Complementing my daily blog interviews, today’s Author Spotlight, the one hundred and sixty-eighth, is of non-fiction author Kerry Dwyer.
She now lives with her husband and daughter in the South West of France. Following the birth of her daughter she gave up finance and retrained as an English teacher (TEFL).
She currently teaches English as a foreign language to adults by telephone and internet. Ramblings in Ireland is her first book.
And now from the author herself:
The journey in the book is only half the story of the journey of the book but I will start with that. As we were walking and talking the germ of an idea formed that I should write all this down at some time. Each day we went on a new journey together. In French the word journée means day or daytime that was very relevant to us as we journeyed not only through Ireland but through each others lives. Each day we found out a little more about each other. Although we have been together for years we had never spent quite so much time together alone and with nothing more to do than walk and talk.
When we came home to France I wanted to write the diary of the significant of this holiday. I started writing about the walks and the conversations and as my mind wandered off at tangents I started to write those down as well. When we had been in Ireland a lot of ideas had already started to formulate so the book almost wrote itself. It was a great pouring out of some things that I hadn’t thought about for years and some things that were very recent. They were all somehow linked together in that one week in that one idea. The story grew and changed and became the book. It was as I was writing the book that I realised how important that week had been and how Bertrand and I had moved closer.
I don’t find it easy to sit down and focus on something for a long time and I am not very good at finishing things. The number of projects I have half started is always growing. I became interested in the writing process and found some competitions on the internet for finished manuscripts. This gave me the impetus to get on and complete it. I always work better when I have a deadline. The book was duly sent off for the competition and came no where. It was bound not to really as I hadn’t had it proof read or edited or beat read. It was very raw. I didn’t mind that at all the competition had done its job and my manuscript was ready for the next stage. There was a lot to do when it came back from Beta and proofreaders. I am lucky that I have friends who are very generous with their time and also not afraid to give criticism where it is due.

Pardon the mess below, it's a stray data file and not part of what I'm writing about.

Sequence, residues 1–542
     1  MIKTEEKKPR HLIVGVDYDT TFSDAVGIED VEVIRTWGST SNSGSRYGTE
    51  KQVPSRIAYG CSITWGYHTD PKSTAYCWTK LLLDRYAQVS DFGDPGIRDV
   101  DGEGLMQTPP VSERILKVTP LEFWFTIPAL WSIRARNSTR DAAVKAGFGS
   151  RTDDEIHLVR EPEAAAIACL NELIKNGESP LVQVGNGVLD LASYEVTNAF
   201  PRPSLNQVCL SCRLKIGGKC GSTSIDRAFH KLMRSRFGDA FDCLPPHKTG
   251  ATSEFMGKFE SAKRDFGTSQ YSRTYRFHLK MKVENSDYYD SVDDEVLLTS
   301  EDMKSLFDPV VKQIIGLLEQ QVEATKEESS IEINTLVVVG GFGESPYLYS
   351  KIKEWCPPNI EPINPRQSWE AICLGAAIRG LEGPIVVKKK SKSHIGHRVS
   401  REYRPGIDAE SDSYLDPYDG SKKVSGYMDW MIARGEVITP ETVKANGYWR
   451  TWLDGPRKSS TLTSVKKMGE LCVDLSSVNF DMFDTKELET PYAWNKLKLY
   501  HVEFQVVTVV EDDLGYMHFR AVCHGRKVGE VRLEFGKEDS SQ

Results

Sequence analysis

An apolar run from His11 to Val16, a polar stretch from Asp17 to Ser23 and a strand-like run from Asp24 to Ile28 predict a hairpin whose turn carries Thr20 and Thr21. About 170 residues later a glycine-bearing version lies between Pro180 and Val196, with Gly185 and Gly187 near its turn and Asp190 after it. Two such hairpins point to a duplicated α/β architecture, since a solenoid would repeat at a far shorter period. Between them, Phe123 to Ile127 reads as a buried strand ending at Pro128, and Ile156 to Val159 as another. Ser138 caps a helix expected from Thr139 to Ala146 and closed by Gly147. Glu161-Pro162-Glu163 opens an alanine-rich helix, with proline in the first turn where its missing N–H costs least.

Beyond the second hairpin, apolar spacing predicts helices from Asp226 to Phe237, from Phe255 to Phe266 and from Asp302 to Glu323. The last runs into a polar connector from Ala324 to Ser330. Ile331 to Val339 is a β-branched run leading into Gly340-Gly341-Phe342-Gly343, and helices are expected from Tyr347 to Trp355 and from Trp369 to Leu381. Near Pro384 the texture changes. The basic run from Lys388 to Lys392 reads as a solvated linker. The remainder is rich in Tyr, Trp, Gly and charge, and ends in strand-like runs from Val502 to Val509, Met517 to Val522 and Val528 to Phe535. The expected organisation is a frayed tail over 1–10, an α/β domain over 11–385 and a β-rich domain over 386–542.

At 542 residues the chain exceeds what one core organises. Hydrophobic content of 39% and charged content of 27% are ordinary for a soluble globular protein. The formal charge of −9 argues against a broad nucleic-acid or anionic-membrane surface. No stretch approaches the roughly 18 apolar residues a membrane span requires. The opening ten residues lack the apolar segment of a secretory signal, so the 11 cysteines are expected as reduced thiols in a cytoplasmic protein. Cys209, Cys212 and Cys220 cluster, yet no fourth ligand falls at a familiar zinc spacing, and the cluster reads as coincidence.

It was because of their positive feedback that I decided to go ahead and try to get the book published. I had not really heard of many people publishing their own books and people used ‘vanity press’ as though it were a dirty word so I tried to find a publisher. The rejection letters were not bad, they were obviously standard with the same lines virtually in each one telling me that I didn’t fit into their niche. The silences were worse I thought. Not one to flog a dead horse I resigned myself to the long list of would be published authors and put my book away. I was still in some way quite proud of the achievement, I had written a book. People had read it and liked it, even if they were my family and friends.
I had started a blog some time before the trip to Ireland. I tried to write at least a post a week and I was toying with the idea of posting parts of the book as blog posts. Then I had a problem with aligning my pictures. I couldn’t get the pictures on a particular post called ‘Eat that frog’ to line up. I asked for help on the social networks and I met Joel Canfield who kindly offered his assistance. He sorted out my picture problem and he had also explored my blog. He had found my proud post from when I had finished my book and was certain that some publisher would take it up and publish it. Joel sent me some of his snapshots from Ireland, I sent him some of mine. He wanted to know when my book would be published. This was our conversation via LinkedIn: